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http://dx.doi.org/10.1186/s13023-021-01838-wDOI Listing
http://www.ncbi.nlm.nih.gov/pmc/articles/PMC8170458PMC
June 2021

Wada test results contribute to the prediction of change in verbal learning and verbal memory function after temporal lobe epilepsy surgery.

Sci Rep 2021 05 26;11(1):10979. Epub 2021 May 26.

Department of Neurology, Epilepsy Center Frankfurt Rhine-Main, University Hospital Frankfurt and Goethe University, Schleusenweg 2-16, 60528, Frankfurt am Main, Germany.

In recent years, the clinical usefulness of the Wada test (WT) has been debated among researchers in the field. Therefore, we aimed to assess its contribution to the prediction of change in verbal learning and verbal memory function after epilepsy surgery. Data from 56 patients with temporal lobe epilepsy who underwent WT and subsequent surgery were analyzed retrospectively. Additionally, a standard neuropsychological assessment evaluating attentional, learning and memory, visuospatial, language, and executive function was performed both before and 12 months after surgery. Hierarchical linear regression analyses were used to determine the incremental value of WT results over socio-demographic, clinical, and neuropsychological characteristics in predicting postsurgical change in patients' verbal learning and verbal memory function. The incorporation of WT results significantly improved the prediction models of postsurgical change in verbal learning (∆R = 0.233, p = .032) and verbal memory function (∆R = 0.386, p = .005). Presurgical performance and WT scores accounted for 41.8% of the variance in postsurgical change in verbal learning function, and 51.1% of the variance in postsurgical change in verbal memory function. Our findings confirm that WT results are of significant incremental value for the prediction of postsurgical change in verbal learning and verbal memory function. Thus, the WT contributes to determining the risks of epilepsy surgery and, therefore, remains an important part of the presurgical work-up of selected patients with clear clinical indications.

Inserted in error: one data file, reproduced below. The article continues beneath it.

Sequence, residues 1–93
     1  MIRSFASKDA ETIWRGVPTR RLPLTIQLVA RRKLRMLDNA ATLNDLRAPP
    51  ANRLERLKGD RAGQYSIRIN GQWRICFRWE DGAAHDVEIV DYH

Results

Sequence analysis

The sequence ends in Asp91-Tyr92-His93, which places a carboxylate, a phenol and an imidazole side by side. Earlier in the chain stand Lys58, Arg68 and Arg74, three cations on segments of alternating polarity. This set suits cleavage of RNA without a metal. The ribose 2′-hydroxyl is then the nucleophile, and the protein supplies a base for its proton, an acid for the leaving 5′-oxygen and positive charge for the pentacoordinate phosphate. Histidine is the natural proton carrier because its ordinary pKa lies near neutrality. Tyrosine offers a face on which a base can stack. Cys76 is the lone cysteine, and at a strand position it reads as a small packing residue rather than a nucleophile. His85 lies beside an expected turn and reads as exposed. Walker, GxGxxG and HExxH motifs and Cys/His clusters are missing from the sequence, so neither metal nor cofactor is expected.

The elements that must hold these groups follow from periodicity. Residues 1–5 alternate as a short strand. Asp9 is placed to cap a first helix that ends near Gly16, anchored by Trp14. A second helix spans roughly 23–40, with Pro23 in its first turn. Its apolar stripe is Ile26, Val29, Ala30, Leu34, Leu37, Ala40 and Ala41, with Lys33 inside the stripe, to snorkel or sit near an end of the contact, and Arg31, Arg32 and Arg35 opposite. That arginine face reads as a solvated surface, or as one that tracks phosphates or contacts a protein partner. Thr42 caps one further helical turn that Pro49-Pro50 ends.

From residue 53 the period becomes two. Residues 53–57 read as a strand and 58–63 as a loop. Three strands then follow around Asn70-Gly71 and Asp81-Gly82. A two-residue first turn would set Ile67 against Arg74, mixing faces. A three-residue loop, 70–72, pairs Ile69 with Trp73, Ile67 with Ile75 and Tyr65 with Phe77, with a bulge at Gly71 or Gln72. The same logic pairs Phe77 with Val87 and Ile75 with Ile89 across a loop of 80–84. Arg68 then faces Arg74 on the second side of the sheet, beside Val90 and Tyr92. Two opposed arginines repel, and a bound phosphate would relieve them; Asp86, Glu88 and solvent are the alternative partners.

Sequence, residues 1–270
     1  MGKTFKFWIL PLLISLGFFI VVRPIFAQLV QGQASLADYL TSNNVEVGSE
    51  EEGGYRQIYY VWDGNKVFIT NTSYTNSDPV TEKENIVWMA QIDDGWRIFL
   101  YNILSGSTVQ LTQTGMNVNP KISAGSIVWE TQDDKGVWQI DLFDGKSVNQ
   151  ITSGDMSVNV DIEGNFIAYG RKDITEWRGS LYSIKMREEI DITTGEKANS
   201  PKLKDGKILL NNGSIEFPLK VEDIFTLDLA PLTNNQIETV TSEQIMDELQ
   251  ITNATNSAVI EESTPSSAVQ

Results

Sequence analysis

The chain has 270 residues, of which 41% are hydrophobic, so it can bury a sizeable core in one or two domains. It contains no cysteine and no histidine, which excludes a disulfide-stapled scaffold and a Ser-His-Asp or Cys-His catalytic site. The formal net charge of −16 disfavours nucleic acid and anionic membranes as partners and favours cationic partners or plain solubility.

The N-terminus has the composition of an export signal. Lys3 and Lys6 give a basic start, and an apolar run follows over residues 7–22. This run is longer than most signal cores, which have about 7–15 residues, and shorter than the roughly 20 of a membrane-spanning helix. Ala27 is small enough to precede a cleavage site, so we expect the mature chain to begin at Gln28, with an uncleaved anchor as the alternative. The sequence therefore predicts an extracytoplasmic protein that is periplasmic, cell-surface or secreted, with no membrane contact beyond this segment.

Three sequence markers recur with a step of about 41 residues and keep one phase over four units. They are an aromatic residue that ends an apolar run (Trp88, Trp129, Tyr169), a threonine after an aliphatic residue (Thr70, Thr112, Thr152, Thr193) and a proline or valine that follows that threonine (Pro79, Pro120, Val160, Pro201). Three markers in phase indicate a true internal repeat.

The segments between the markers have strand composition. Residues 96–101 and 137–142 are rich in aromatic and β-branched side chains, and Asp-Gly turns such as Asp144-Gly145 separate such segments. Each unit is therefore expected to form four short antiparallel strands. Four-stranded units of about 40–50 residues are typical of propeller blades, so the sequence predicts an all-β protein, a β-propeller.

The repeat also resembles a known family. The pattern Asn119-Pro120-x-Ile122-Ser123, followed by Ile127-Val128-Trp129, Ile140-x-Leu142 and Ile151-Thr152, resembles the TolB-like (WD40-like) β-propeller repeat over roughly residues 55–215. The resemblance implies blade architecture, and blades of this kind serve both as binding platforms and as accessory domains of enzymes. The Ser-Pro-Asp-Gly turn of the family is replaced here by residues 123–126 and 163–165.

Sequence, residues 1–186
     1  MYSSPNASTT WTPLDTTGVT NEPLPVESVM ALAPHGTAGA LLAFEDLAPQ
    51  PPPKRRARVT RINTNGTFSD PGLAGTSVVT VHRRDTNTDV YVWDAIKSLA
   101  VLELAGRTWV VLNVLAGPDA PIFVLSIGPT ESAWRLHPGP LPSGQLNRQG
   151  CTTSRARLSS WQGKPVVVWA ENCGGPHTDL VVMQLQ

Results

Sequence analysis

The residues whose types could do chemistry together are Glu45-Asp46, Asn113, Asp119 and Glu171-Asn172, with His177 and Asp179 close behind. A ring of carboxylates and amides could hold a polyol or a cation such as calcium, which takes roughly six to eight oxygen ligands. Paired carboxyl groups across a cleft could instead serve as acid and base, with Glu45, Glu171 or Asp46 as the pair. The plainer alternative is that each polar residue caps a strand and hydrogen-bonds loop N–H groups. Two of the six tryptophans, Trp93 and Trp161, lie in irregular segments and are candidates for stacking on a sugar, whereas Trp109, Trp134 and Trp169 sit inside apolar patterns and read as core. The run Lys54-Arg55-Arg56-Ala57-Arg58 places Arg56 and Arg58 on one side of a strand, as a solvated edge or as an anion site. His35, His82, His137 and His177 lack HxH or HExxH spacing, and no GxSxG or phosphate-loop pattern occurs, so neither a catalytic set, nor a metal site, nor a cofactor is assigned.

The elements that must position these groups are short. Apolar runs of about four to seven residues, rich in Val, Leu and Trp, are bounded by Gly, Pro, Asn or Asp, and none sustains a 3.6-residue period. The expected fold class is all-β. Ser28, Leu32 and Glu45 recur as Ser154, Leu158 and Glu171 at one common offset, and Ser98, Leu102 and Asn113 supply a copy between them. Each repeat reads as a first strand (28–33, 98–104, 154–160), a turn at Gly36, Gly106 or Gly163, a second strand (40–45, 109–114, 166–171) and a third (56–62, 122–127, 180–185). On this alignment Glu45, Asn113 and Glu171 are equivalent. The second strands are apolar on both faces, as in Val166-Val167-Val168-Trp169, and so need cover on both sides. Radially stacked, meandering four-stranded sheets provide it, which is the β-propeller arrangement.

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http://dx.doi.org/10.1038/s41598-021-90376-3DOI Listing
http://www.ncbi.nlm.nih.gov/pmc/articles/PMC8154896PMC
May 2021